This small, wealthy economy is a mixture of foreign and domestic entrepreneurship, government regulation, welfare measures, and village tradition. Crude oil and natural gas production account for about 90% of its GDP. About 167,000 barrels (26,600 m3) of oil are produced every day, making Brunei the fourth-largest producer of oil in Southeast Asia. It also produces approximately 25.3 million cubic meters of liquefied natural gas per day, making Brunei the ninth-largest exporter of the substance in the world.
Substantial income from overseas investment supplements income from domestic production. Most of these investments are made by the Brunei Investment Agency, an arm of the Ministry of Finance. The government provides for all medical services, and subsidizes rice and housing.
The national air carrier, Royal Brunei Airlines, is trying to develop Brunei as a modest hub for international travel between Europe and Australia/New Zealand. Central to this strategy is the position that the airline maintains at London Heathrow Airport. It holds a daily slot at the highly capacity-controlled airport, which it serves from Bandar Seri Begawan via Dubai. The airline also has services to major Asian destinations including Shanghai, Bangkok, Singapore and Manila.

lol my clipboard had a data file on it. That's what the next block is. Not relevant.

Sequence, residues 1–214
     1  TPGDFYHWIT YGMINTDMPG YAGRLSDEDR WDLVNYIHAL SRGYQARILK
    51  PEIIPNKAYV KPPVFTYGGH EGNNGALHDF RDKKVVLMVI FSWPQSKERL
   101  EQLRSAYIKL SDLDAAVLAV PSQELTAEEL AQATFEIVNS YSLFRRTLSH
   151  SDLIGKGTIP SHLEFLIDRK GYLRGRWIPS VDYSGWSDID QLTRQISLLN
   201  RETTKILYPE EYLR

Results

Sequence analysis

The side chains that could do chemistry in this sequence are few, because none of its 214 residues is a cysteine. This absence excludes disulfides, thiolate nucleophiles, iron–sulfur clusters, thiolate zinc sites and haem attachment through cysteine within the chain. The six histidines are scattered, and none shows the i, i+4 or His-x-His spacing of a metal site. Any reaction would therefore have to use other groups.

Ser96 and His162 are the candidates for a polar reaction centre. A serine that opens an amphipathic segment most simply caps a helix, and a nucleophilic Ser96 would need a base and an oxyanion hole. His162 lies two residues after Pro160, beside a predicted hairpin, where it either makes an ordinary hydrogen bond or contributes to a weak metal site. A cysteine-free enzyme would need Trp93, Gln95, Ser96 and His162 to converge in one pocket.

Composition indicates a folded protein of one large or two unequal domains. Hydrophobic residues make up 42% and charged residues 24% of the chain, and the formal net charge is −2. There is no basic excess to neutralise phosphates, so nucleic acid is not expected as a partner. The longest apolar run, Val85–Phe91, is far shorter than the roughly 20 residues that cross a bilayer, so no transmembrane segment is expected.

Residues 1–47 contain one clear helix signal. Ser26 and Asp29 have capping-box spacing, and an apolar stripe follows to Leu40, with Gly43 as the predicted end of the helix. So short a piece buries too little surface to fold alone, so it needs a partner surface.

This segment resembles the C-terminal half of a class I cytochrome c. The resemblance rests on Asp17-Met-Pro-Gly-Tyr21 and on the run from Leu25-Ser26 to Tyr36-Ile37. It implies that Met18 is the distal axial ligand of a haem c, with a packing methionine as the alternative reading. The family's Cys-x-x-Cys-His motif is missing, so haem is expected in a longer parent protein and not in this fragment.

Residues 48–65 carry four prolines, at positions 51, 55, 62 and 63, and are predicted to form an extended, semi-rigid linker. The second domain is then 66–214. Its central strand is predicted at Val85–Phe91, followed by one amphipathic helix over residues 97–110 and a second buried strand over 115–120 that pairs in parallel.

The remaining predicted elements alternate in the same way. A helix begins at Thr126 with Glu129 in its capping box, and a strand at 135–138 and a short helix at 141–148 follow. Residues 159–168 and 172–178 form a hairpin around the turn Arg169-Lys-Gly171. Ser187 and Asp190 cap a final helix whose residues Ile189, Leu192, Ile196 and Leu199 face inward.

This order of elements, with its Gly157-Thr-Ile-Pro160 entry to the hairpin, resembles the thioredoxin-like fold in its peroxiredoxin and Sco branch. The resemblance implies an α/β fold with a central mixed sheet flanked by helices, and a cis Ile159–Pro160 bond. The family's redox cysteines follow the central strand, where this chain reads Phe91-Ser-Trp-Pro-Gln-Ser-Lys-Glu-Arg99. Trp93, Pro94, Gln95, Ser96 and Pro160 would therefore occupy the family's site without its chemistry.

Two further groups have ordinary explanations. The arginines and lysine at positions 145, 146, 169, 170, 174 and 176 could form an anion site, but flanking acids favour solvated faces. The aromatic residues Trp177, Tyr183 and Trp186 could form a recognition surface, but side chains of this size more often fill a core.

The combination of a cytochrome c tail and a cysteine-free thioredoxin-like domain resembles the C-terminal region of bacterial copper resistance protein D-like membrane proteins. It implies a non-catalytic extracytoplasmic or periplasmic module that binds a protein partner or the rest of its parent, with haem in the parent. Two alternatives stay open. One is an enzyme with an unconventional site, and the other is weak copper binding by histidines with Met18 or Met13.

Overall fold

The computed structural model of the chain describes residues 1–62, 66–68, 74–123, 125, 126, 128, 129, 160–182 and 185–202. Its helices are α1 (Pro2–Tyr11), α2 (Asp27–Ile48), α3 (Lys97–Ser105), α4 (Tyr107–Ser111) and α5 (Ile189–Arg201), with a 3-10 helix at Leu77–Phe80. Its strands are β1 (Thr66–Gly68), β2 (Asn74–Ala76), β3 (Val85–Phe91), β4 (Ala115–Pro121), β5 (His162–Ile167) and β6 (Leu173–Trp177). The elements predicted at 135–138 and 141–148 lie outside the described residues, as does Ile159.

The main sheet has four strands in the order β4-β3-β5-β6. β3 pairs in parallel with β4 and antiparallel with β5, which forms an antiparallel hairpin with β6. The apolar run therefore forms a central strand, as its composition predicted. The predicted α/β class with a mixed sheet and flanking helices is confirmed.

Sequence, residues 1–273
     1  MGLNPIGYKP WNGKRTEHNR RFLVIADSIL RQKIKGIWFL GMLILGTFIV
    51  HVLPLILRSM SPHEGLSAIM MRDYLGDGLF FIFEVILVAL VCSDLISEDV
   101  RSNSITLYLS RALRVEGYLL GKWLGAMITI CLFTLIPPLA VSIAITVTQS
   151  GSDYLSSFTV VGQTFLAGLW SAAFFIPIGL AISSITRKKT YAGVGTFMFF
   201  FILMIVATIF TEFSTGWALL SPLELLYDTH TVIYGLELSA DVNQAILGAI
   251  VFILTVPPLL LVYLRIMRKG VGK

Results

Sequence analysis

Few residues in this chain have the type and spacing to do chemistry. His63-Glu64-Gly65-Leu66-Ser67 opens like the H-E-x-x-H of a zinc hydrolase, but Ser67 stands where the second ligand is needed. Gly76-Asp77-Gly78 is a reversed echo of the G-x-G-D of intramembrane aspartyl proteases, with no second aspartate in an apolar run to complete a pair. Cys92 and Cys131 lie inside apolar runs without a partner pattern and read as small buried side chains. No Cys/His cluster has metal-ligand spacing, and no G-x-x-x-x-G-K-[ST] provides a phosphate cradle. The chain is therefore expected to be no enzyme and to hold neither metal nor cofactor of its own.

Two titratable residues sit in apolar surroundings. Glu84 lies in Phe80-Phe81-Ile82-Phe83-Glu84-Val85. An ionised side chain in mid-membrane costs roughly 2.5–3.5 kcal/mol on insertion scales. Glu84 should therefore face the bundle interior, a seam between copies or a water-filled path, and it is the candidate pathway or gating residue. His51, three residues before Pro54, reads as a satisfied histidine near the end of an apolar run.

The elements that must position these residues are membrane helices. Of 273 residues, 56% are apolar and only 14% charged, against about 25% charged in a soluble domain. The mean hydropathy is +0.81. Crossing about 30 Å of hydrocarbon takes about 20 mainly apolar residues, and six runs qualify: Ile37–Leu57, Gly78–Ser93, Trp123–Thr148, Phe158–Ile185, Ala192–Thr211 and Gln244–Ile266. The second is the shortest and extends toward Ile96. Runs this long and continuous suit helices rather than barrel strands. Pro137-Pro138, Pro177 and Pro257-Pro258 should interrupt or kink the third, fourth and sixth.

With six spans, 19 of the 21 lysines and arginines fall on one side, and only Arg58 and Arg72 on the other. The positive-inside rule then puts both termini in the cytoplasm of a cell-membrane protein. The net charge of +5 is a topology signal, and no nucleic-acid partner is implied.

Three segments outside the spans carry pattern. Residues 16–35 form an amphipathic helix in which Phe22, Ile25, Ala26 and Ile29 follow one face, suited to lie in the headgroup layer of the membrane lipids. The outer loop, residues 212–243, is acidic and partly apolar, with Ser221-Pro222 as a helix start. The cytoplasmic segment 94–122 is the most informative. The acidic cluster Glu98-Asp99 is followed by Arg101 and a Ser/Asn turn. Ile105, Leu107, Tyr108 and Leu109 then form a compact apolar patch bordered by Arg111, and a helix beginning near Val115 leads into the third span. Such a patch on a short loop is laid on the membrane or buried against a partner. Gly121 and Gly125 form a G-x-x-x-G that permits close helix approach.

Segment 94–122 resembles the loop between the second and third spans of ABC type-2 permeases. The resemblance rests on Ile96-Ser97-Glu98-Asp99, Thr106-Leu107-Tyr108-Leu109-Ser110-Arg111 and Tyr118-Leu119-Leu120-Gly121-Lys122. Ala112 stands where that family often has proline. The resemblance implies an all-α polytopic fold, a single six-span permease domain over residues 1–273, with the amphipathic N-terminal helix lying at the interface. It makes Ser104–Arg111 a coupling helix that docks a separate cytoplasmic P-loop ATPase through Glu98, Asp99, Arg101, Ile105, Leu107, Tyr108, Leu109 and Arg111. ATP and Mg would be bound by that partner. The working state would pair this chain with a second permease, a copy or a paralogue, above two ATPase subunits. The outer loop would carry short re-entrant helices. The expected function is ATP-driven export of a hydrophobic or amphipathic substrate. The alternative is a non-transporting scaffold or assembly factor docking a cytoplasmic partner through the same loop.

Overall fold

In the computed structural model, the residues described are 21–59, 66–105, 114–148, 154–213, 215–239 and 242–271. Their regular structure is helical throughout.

Brunei depends heavily on imports such as agricultural products (e.g. rice, food products, livestock, etc.), motorcars and electrical products from other countries. Brunei imports 60% of its food requirements, of that amount, around 75% come from the ASEAN countries.
Brunei's leaders are very concerned that steadily increased integration in the world economy will undermine internal social cohesion. But, it has become a more prominent player by serving as chairman for the 2000 Asia-Pacific Economic Cooperation (APEC) forum. Leaders plan to upgrade the labor force, reduce unemployment, which currently stands at 6%, strengthen the banking and tourism sectors, and, in general, broaden the economic base.